I am going to order and owners manual which will be useful I’m sure, but any ideas or suggestions to help us out before we end up burning up the starter motor would be really appreciated.
It seems to be getting plenty of gas as I see it in the intake. It kind of seems like if I could pull the choke out a little more it would help?
Thanks again!
Rob
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Postby raptor8 » Fri Sep 30, 2005 1:38 pm

well those little guys didnt have a partcularly strong spark when they were new, but your prob sounds like carburetion. put a nice new spark plug in there anyway JIC. carb problems on those are common if they have set awhile. you might check the petcock for flow too as I have seen a couple of those plug up.
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Postby gmack221 » Fri Sep 30, 2005 2:11 pm

#1 make sure your getting plenty of gas from the shut off valve
#2 test spark with a spark tester (any autozone has them that you can adjust the gap to match the plug gap).
#3 check compression (or have it checked at a shop).

since you say it takes several mins to get it started it makes me believe you have low compression, either worn out piston rings or valve adjustment / carbon built up on the valves. If its piston rings it would probably smoke alot when its running.

Is the breeze the 80cc yamaha quad? If it is most likely its your valve adjustment (comon problem). My brother piceked up an 80cc quad for my nephews that wouldn't start, I believe its the exhaust valve that always tightens up on these motors and doesn't allow it to build compression, therefore makes them impossible to start. If you don't already have one pick up a Clymer book for the right valve clearance specs.

Valve adjustment (its easy and here's an overview)

- take screw on covers off valve cover
- turn motor over until you see both valves open and close (they open one at a time, just make sure your not adjusting on the lobe of the cam)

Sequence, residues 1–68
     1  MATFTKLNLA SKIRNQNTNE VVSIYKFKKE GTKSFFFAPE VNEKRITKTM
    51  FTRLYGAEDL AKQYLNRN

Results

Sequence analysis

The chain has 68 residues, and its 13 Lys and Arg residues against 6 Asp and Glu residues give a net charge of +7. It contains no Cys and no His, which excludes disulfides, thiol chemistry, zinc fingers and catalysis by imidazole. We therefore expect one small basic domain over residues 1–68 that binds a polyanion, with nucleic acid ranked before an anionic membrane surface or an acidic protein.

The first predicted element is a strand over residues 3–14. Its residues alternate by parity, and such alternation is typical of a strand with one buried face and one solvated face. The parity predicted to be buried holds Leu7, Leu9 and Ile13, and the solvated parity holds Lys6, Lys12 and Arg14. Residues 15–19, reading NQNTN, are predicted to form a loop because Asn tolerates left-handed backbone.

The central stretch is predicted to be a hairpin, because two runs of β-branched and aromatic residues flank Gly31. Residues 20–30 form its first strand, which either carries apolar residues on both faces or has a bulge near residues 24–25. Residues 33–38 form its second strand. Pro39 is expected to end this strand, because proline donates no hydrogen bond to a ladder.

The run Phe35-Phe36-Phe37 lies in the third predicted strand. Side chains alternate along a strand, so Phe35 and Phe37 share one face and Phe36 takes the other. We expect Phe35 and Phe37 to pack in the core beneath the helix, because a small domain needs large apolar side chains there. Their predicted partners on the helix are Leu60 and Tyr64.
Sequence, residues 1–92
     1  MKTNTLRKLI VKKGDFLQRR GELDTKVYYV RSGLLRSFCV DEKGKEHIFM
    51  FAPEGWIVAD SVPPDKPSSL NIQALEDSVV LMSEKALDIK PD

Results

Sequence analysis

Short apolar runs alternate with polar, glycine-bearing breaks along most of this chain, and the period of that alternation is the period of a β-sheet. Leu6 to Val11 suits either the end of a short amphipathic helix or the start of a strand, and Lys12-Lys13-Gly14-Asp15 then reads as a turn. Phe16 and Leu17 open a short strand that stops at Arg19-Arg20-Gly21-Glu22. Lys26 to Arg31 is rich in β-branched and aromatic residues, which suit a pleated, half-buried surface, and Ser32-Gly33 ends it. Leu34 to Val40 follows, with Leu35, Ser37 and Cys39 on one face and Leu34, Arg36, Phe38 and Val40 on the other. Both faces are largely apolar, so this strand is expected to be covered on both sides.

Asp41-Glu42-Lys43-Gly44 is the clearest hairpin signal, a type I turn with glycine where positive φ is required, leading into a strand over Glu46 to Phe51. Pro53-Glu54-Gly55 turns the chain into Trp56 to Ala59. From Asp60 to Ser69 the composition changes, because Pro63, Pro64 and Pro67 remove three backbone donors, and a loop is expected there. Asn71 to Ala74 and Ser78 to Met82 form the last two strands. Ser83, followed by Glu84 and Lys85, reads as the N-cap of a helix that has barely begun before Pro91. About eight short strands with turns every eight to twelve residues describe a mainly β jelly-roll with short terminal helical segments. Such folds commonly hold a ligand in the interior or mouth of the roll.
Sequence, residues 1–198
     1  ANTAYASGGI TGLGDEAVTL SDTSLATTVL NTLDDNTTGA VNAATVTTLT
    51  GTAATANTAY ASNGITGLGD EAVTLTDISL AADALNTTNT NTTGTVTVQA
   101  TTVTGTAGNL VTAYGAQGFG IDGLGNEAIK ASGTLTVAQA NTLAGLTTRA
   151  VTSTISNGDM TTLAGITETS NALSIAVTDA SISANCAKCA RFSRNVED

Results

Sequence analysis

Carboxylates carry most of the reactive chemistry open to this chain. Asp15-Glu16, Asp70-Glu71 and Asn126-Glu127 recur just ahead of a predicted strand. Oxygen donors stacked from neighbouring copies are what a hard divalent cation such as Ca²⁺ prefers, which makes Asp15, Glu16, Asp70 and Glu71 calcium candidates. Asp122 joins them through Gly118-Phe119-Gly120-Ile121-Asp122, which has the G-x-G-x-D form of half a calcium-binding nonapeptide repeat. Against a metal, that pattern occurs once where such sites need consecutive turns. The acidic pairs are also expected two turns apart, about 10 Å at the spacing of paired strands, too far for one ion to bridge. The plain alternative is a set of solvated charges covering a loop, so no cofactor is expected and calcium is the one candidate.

- using a wrench (usually 10 mm) back off lock nut
- adjust until feeler gauge has slight resistance on it
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Postby raptor8 » Fri Sep 30, 2005 2:26 pm

good point gmack! the valves are usually ignored on these and it is fairly common to find a tight one [i found an intake valve that wasnt closing yesty on a recon] its runs way better now hehe. theyre very simple to adjust and could be a big part of your puzzle.
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Yamaha Breeze

Postby rob319 » Sat Oct 01, 2005 3:18 am

Thanks for the suggestions,
I do have plenty of fuel from the shut-off valve.
I was not able to get the spark checked so far, but I did install a new plug, and it looks to be firing very well.
I will have to find a shop that can check the compression. It does smoke a little, nothing that I would say is allot but it does smoke lightly.
The Yamaha Breeze has a 125cc engine.
After the repairs and a few new parts it is all back together now and we are very happy with it. My son would be very happy with this one for quite awhile if it would just start a little easier. After it finally starts it runs well, but I should point out that it has a very slight hesitation when you gun the throttle before it takes off and while it idles very smooth, if you let it sit at idle it will drift to a little faster or a little slower over time.
I don't have a book yet to know how to adjust the valves, but I took one cover off (one screw on cover, sealed by an O ring on each side of the spark plug, right?) and could not determine when it was "open" or where I could measure a gap?
This is probably over my head, but that usually doesn't stop me:)
Is there somewhere on-line or is it possible to describe the adjustment procedure in more depth?
If I definitely need to back off the nuts, I could do each a turn at a time and then test.....
Trying to understand the valve purpose in my head, I found the following link: http://www.grc.nasa.gov/WWW/K-12/airplane/engopt.html
which shows each valve opening at different times. One opens to let air/fuel in and the other opens to let exhaust out?
Should I adjust out (loosen the nut) both valves so that they open more?
Sorry to be so basic here, but I catch on pretty quick with a little kick in the right direction.
Thanks,
Rob
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Postby raptor8 » Sat Oct 01, 2005 5:34 am

remove the spark plug, take those caps off and watch the engine turn. when one reaches the top of its travel is when you should be able to grab the rocker and tap it back and forth. if no sound then too tightee. loosen.
same with exhaust. i'll bet theyre both tight and after you do that it starts right up! you are gonna be shocked! Meanwhile, if it doesnt have CLEAN oil in it, have the boy do that while you are tinkering with the valves...
As others have said, it's either valves or rings, and if it's rings it's whipped. BUT valves are so often overlooked that it is where I would start.
I had good luck with that 02 recon i tuned yesty - never been serviced - the owner was riding wheelies with it tonite when i delivered it - big ole grin! :wink:
just basic maintenance man, and some observations over time.
youre on the right track.
let me know if I can help you.

;p

:D
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Yamaha Breeze